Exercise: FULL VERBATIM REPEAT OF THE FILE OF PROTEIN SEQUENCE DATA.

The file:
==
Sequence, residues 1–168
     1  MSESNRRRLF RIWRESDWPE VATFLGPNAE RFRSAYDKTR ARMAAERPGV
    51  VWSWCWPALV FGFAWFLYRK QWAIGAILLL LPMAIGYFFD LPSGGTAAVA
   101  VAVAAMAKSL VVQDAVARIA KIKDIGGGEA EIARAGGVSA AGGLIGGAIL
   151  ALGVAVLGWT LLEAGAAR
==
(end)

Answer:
Sequence, residues 1–168
     1  MSESNRRRLF RIWRESDWPE VATFLGPNAE RFRSAYDKTR ARMAAERPGV
    51  VWSWCWPALV FGFAWFLYRK QWAIGAILLL LPMAIGYFFD LPSGGTAAVA
   101  VAVAAMAKSL VVQDAVARIA KIKDIGGGEA EIARAGGVSA AGGLIGGAIL
   151  ALGVAVLGWT LLEAGAAR